Grasslands in Norfolk are very diverse in their origins and, consequently, in the species which may be found in them. What unites the various grassland types found in the county is that all are a product of the interaction of natural factors, such as soil type and availability of water, with human management.
The non-flooded grasslands of Norfolk are broadly all the product of ancient deforestation followed by centuries of grazing by cattle, sheep, ponies and other livestock. In south Norfolk, on the heavy soils of the claylands, are extensive old commons with a distinct flora including national rarities such as sulphur clover. To the west are the extensive dry grassy heaths on the sands of the Brecks, which are home to many rare plants including spiked speedwell, Spanish catchfly, Breckland speedwell, bur medick and Breckland thyme.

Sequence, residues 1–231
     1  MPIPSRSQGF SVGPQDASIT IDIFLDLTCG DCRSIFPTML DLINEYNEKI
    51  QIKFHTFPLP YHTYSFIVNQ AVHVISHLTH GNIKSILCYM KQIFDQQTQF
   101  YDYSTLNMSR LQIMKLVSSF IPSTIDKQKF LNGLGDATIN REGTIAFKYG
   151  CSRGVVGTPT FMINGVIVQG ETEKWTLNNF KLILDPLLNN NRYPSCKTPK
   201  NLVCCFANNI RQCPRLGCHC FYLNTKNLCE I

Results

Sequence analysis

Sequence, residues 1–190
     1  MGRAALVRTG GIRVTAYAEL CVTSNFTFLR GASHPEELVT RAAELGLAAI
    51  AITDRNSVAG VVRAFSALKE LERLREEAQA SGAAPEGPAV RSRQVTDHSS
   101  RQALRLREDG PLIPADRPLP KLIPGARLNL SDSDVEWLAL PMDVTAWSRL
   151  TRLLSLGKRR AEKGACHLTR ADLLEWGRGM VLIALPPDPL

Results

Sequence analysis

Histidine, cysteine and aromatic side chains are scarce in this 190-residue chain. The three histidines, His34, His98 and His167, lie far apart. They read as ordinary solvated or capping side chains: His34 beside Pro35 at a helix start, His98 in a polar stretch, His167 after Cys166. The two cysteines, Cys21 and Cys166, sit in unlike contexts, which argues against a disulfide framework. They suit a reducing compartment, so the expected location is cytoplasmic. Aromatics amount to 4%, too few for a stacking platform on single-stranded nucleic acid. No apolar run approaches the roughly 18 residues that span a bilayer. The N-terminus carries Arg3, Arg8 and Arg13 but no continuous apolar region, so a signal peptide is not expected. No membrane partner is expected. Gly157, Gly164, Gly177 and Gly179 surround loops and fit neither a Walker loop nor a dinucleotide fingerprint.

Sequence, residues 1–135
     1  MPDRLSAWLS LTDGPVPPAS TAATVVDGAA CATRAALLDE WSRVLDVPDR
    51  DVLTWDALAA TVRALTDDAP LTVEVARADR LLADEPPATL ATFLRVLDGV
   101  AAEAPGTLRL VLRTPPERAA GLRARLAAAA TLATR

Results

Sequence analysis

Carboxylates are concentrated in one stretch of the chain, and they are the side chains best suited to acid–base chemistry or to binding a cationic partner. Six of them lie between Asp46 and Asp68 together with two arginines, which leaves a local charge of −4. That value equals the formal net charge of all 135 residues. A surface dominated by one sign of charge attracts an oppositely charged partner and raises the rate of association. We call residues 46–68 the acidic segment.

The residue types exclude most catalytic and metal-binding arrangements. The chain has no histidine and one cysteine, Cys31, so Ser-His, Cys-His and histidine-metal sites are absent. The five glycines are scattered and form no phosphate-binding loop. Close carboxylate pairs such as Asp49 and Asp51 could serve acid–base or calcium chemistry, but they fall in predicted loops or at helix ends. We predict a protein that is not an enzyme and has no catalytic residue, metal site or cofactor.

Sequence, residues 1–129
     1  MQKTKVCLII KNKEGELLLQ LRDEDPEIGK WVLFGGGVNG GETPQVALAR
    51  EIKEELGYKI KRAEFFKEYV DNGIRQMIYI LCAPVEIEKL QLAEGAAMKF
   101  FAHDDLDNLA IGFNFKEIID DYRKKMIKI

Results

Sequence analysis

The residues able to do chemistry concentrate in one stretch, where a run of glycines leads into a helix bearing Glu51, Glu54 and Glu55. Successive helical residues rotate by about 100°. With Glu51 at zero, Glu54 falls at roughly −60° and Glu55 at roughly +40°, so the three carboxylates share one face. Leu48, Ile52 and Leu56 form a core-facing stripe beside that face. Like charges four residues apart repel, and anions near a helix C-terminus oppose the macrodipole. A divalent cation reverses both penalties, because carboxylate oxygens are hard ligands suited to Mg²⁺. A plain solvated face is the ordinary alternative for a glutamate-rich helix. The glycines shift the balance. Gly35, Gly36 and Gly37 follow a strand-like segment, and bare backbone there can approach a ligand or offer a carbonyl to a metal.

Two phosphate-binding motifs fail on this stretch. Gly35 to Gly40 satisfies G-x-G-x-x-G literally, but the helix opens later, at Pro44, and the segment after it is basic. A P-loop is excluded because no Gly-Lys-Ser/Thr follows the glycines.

In West Norfolk and North Norfolk are small areas of chalk grassland, more typically a habitat of the south of the UK. These sites, including NWT Ringstead Downs and Warham Camp, have a diverse flora including squinancywort, dropwort, fairy flax, horsehoe vetch and pyramidal orchid.
Small patches of any type of dry grassland may be found in gardens, old churchyards or old paddocks which have never been treated with fertiliser. All benefit from traditional management such as hay-cutting at the appropriate time of year and grazing by livestock. If you have an unimproved patch of grassland in your care and would like advice on its management, contact the Wildlife Information Service
For information on Norfolk’s flooded grasslands, known as freshwater grazing marshes, click here